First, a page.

A generation of young Britons saddled with thousands of pounds of debt face a future pensions crisis, research warns.
Burdened with servicing debts of more than £20,000 each, nearly a quarter of people under 40 say they do not save into a pension because they can’t afford to, Prudential claims.
With the cost of education soaring and many forced to wait until later in life to get on the property ladder, nearly half of under-40s not setting anything aside for their retirement say they can’t due to their debts.
Debts levels peak at around £33,113 for Britons aged between 31 and 40, with many burdened by mortgage repayments and hefty credit card bills.
This falls to roughly £30,200 for the 41-50s, and £12,600 among 51-65 year olds, Prudential’s Intergenerational Retirement Study shows.
Soaring levels of debt aren’t simply affecting people’s wallets. The findings also reveal that 55 per cent of people in debt aged between 21 and 30 believe it affects their ‘happiness and well-being.’
With many younger generations struggling with debts, older generations are often left helping them out financially.
Fifty-three per cent of over 1,000 people surveyed aged between 51 and 62 said they can’t contribute to their pension due to ‘family costs.’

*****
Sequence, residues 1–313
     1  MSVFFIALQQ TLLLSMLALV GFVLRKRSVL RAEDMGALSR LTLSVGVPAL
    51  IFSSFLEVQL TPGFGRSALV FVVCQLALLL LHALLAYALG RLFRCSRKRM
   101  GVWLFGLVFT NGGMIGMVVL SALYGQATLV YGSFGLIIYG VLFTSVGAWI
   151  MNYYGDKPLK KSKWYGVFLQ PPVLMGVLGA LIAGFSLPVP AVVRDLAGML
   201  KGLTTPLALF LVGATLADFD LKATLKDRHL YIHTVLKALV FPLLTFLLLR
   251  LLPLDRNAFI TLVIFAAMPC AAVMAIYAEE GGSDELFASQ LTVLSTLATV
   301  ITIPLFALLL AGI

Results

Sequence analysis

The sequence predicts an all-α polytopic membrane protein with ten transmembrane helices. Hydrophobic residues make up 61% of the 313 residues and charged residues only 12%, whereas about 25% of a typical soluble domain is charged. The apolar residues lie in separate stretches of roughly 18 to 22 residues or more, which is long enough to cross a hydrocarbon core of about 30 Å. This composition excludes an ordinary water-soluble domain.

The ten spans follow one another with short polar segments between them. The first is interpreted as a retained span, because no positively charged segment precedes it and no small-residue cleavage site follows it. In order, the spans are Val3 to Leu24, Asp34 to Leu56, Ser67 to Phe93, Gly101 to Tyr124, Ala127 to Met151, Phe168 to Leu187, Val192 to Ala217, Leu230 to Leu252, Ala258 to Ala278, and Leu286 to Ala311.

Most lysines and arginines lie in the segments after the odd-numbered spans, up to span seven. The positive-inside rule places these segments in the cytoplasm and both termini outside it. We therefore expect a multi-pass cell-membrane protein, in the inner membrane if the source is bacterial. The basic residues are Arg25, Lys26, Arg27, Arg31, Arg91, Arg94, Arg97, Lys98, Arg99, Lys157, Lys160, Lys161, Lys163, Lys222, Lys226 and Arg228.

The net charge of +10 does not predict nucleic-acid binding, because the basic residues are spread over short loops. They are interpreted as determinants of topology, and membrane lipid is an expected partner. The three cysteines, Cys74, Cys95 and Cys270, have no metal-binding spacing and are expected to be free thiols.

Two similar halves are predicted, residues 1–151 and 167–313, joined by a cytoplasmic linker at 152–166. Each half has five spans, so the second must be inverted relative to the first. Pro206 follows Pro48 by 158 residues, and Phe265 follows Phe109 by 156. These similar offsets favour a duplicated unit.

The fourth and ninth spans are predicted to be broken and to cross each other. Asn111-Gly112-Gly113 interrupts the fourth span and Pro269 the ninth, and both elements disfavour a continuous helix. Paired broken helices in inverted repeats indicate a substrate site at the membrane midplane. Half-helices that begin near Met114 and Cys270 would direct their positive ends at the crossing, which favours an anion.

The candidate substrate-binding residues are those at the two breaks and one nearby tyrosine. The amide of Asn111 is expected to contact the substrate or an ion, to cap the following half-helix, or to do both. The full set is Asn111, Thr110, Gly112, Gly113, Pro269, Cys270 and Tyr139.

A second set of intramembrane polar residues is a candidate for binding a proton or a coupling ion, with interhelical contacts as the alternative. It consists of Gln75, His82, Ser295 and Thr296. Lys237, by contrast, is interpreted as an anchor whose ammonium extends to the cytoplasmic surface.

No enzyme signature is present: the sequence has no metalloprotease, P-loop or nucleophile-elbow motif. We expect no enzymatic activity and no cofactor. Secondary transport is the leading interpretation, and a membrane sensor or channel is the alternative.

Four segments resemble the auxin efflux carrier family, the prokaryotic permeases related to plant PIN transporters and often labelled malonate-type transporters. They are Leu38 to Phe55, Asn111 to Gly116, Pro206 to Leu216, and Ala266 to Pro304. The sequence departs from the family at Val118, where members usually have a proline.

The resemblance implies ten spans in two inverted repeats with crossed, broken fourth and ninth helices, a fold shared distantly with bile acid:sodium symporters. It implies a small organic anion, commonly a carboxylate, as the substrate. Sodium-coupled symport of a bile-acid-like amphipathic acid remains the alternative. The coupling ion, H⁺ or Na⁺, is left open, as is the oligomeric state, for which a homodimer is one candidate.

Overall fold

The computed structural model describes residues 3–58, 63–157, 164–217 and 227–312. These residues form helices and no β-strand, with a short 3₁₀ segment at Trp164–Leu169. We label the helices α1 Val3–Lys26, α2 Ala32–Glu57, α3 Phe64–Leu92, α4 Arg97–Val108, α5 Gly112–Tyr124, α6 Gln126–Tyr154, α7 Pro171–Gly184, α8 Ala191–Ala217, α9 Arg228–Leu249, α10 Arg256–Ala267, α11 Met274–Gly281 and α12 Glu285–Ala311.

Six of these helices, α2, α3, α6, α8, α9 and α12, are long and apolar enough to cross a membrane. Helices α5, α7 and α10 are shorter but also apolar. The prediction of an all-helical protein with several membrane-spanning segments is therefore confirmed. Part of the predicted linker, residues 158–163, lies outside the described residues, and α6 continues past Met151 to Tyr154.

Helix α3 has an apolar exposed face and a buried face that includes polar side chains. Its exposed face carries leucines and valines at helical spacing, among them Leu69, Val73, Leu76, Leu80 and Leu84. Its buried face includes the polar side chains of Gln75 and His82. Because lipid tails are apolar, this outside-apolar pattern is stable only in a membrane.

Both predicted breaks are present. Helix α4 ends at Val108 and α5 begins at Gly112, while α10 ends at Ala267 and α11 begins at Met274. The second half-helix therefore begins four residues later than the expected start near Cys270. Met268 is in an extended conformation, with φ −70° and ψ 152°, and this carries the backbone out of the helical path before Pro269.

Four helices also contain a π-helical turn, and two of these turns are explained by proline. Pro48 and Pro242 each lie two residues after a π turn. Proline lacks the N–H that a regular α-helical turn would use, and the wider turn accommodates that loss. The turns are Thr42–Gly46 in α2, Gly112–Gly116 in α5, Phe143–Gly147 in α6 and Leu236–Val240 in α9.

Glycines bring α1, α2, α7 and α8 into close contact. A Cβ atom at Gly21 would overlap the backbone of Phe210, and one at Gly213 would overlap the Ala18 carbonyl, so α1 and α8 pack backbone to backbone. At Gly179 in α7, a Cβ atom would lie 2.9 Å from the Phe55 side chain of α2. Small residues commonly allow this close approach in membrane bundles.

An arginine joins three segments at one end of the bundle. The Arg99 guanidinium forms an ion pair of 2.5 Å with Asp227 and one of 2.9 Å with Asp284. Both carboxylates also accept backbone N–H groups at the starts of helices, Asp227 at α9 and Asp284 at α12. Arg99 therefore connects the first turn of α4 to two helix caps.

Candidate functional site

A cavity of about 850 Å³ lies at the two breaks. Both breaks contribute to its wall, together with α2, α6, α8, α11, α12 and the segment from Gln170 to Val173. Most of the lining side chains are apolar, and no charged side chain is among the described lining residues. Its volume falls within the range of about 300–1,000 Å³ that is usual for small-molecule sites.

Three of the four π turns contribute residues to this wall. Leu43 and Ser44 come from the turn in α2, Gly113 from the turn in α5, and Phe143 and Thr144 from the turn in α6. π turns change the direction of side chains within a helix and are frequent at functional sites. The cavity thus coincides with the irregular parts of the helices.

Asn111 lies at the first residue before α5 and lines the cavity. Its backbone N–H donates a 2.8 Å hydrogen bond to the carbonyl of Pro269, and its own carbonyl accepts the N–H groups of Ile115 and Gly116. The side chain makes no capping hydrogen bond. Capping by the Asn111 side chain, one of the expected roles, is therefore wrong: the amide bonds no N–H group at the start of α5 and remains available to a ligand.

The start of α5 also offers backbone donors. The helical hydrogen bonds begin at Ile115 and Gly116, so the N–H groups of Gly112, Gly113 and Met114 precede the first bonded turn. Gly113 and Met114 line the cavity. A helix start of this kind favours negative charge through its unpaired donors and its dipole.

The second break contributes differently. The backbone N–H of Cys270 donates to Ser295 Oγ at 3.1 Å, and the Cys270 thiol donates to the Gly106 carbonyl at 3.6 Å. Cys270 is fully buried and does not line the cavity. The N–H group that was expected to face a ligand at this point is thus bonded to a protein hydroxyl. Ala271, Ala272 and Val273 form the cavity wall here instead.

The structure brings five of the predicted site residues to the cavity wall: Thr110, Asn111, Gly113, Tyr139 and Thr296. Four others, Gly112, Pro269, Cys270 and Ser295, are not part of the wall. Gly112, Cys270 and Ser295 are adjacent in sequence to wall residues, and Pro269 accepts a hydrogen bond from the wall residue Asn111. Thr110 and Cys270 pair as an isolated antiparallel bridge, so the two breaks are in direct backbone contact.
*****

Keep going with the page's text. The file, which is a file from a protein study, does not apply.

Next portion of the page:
Kirsty Anderson, a retirement income expert at Prudential, said: ‘Saving into a pension has always been about building up a retirement fund over the long term.
‘But our latest research shows that modern-day financial pressures are forcing people of all ages to risk their future by putting pension saving on the back burner.
‘It is particularly concerning to see a new generation of workers who have spent years clearing student debts only to be forced to wait much longer than their parents to get a foot on the housing ladder.
‘As a result people in their 30s and 40s, instead of making the contributions that could make a meaningful difference to their retirement pot, are struggling to save for a deposit, make mortgage payments or simply support their families.’
With pension savings often invested for 30 years or more, even small employee contributions while people are in their 20s and 30s can make a difference, the findings add.
While some are unable to contribute to a pension due to debts, others are in denial about what age they need to retire at to have sufficient funds for their retirement.
According to a separate study by Prudential released last week, many thinking they can retire at age 62 are in for a nasty shock.
Vince Smith-Hughes, a retirement income expert at Prudential, said: ‘The desire to retire as early as possible is completely understandable, but with life expectancies increasing all the time and the average retirement now lasting over 20 years, it is unlikely to be achievable for everyone.’